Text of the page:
Monday, February 18, 2008

How to diagnose a problem

There are many different ways to diagnose a problem, but all of them basically use the
same reasoning of deduction:

• Where does the consumer think the malfunction is located within the appliance or
air conditioner?

• Where is the actual problem located within the appliance or air conditioner?

• Are there any related problems with the appliance or air conditioner?

• How can the problem with the appliance or air conditioner be solved?

For example, the consumer states that the dryer does not dry the clothes and believes
that the heating element is bad. The actual problem might be a restricted exhaust vent, a
clogged lint filter, bad heating elements, faulty operating thermostats or safety thermostat,
or improper control settings.
When checking the dryer, you might notice that the control settings are set for air drying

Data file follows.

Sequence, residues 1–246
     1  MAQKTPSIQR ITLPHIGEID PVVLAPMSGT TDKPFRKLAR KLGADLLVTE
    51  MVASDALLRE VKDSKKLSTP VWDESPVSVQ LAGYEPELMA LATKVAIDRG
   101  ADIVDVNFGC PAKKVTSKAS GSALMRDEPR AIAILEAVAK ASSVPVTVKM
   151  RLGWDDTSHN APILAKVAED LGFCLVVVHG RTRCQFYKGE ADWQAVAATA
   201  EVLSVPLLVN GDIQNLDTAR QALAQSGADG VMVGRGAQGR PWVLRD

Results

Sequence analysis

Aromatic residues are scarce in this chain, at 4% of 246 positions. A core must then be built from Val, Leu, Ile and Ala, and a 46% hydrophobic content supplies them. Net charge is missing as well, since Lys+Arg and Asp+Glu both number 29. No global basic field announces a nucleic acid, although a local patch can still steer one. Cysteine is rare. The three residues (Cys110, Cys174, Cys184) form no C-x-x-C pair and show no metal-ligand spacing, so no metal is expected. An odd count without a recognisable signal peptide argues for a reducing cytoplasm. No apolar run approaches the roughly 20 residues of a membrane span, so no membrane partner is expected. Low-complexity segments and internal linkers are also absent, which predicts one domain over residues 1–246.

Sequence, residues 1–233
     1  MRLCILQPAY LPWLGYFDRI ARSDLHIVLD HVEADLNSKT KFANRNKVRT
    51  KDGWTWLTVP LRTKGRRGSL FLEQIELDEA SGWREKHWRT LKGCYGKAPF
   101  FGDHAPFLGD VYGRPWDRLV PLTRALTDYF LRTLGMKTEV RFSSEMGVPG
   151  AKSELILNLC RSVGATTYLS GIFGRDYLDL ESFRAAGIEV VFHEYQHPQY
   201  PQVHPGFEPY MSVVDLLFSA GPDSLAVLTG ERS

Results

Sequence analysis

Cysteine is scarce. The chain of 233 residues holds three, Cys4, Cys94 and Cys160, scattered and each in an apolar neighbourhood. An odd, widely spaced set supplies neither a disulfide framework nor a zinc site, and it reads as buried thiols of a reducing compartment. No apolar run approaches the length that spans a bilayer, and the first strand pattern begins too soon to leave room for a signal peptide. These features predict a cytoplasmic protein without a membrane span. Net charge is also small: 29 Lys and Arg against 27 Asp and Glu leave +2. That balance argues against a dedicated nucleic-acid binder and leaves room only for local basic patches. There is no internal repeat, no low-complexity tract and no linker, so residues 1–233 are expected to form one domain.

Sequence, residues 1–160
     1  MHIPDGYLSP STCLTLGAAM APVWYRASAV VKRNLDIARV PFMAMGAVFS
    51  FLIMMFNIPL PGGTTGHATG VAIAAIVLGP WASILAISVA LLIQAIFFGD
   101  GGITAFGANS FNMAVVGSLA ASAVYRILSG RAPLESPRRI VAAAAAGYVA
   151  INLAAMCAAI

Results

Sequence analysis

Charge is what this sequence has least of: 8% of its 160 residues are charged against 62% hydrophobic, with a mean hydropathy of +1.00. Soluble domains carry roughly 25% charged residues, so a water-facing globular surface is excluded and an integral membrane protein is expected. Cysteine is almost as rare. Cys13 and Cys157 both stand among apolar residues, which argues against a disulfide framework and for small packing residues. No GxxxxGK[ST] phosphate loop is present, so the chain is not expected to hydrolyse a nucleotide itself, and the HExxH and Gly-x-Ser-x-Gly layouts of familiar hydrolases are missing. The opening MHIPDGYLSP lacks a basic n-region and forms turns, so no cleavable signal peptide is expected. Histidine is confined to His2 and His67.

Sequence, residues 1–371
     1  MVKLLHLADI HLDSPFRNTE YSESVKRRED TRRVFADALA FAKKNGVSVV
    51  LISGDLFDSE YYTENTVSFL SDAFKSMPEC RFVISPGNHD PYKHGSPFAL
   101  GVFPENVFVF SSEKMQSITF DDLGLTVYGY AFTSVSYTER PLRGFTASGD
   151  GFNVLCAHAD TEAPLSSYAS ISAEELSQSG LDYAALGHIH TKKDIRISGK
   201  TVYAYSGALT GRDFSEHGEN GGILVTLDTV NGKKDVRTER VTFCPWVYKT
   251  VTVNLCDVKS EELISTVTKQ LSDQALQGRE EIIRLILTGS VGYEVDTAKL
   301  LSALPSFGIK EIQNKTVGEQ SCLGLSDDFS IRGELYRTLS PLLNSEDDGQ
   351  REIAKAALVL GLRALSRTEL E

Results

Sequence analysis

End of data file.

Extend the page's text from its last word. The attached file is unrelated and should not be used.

instead of heat drying. Thus, the actual problem was that the control settings were not
positioned correctly. The related problem is: “How did the control setting move to the air-dry
position?” This leads to the question: “Does the consumer know how to operate the dryer?” To
solve this problem, you will have to instruct the consumer in the proper operation of the dryer.
All appliances and air conditioners go through a certain sequence of events. Understanding
the proper operation and this sequence as indicated in the use and care manual is beneficial
when diagnosing the appliance or air conditioner.

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